All of what you say is valid, though one could perhaps quibble on one point or another. (For instance, one can't speed up the immigration process until one decides what to do with the established illegal population. The two go to together.)

And I myself was stumped trying to figure out how this isn't a version of "amnesty." Perhaps the NYT is merely rhetorical on that point. (But rhetoric matters -- McCain has been going out of his way to try and fight off the word "amnesty" too)

But would you rather have HR 4437 as it stands? Would you rather have a 700 mile fence?

Unfortunately none of the alternatives you mention are remotely likely to come to pass in a Republican-dominated country, which will exploit nativist sentiments and xenophobia this year with familiar prosecutorial zeal (homophobia in 2004, racism in 1992, etc). We have to work with what we have.

AK said...

Ruchira -- from the National Immigration Law Center, here are the enforcement provisions, many of which come from Sensenbrenner directly, and the others of which were added by the Judiciary Committee during markup -- all of which makes me think that the best possible outcome to hope for is an impasse, no bill, and try again next year after the elections:

The bill reported out of the Judiciary Committee contains many harsh and punitive enforcement provisions, including provisions that would:

Make expedited removal (removal without a chance to have an immigration judge hear the case) mandatory for individuals (except for Mexicans and Cubans) detained within 100 miles of the border and within two weeks after entry;

Require mandatory detention of individuals (except for Mexicans and Cubans) caught at a port of entry or land or international land or maritime borders;

Make detention more likely by increasing detention space;

Vastly expand the number of border patrol agents and further militarize the border without providing the protections needed to hold the government accountable for civil and human rights violations;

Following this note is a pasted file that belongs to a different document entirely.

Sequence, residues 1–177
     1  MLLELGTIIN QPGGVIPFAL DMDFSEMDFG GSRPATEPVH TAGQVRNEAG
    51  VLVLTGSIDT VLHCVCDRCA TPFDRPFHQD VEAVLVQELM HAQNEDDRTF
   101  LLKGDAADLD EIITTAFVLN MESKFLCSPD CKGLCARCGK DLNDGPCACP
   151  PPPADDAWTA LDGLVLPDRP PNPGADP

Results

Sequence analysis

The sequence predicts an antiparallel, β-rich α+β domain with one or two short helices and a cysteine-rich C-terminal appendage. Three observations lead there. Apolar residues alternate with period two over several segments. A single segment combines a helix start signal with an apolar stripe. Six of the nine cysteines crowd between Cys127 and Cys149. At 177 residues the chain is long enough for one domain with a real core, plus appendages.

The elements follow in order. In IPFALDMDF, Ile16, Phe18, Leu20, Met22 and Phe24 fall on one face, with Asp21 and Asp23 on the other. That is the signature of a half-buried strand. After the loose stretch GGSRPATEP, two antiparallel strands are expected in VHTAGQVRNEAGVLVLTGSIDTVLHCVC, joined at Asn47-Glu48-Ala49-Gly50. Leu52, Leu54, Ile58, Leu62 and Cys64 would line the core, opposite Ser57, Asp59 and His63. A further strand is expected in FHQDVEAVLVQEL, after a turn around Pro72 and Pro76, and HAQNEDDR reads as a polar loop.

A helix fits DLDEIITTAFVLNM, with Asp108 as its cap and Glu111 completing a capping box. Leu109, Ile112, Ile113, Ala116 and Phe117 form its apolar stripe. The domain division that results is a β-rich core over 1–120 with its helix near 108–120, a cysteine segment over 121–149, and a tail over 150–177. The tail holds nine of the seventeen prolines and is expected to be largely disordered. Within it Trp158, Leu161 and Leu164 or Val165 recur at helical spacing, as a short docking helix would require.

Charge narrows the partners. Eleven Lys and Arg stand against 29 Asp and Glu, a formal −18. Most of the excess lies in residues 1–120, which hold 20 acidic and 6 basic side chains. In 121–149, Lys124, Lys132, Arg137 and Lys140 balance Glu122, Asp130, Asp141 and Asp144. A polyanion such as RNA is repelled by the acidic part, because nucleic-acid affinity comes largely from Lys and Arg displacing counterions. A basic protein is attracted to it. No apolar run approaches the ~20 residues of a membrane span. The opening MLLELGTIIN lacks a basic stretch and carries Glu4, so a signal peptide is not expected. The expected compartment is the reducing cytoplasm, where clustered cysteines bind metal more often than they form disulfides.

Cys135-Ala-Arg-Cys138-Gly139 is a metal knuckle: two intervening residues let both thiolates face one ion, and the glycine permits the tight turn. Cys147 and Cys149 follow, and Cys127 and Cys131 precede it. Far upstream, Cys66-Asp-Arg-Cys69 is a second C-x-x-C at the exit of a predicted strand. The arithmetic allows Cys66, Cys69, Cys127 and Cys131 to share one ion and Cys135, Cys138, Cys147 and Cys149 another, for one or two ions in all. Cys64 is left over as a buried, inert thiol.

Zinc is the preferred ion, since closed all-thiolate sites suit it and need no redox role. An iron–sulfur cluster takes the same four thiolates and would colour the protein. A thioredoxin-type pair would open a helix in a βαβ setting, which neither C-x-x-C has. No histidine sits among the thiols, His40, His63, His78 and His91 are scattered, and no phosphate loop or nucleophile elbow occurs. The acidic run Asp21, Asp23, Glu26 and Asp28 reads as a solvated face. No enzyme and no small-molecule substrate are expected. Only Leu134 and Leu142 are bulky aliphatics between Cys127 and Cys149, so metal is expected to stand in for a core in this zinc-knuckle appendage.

Overrule Supreme Court decisions on indefinite detention and allow the Department of Homeland Security (DHS) to detain immigrants indefinitely, even when they have not committed a criminal offense and there is no reasonable chance of removal to their home country;

Limit courts’ ability to halt (enjoin) government violation of immigrants’ constitutional and statutory rights;

Make voluntary departure rules harsher;

Greatly expand the definition of passport, visa and immigration fraud crimes in order to criminalize acts such as the omission of information (rather than provision of false information) on immigration-related documents;

Bar persons from adjusting status if they admit (conviction not required) a document fraud offense; even a person who has US citizen or lawful permanent resident family members will be inadmissible, if she admits completing an I-9 form with a false Social Security Number to get a job;

Increase the penalties for failing to file notice of change of address;

Assert that states have “inherent authority” to enforce federal criminal immigration laws;

Authorize the entry of a wide range of civil immigration records into the federal National Criminal Information Center criminal database;

Expand local agency enforcement of federal immigration law by mandating that DHS reach out to states to enter into a memorandum of understanding to enforce federal immigration law (but without requiring states to enter into those agreements);

Reverse the burden of proof in removal proceedings by presuming that persons convicted under a statute that includes both aggravated felonies and non-aggravated felonies are aggravated felons;

Unreasonably expand the definition of aggravated felony, which will make even more immigrants deportable and permanently ineligible for legal status;

Broaden the definition of “smuggling,” and include in the definition actions taken outside the U.S.;

Expand the “smuggling” forfeiture provision to apply to any property; a person who invited an undocumented relative to her house might lose her house

Impose immigration penalties on US citizens and LPRs by limiting their rights to petition for their relatives, if the citizens or LPRs have committed certain crimes;

Make the Basic Pilot employment eligibility verification program mandatory for all employers despite longstanding problems with inaccuracy of records, lack of privacy protections, and misuse by employers;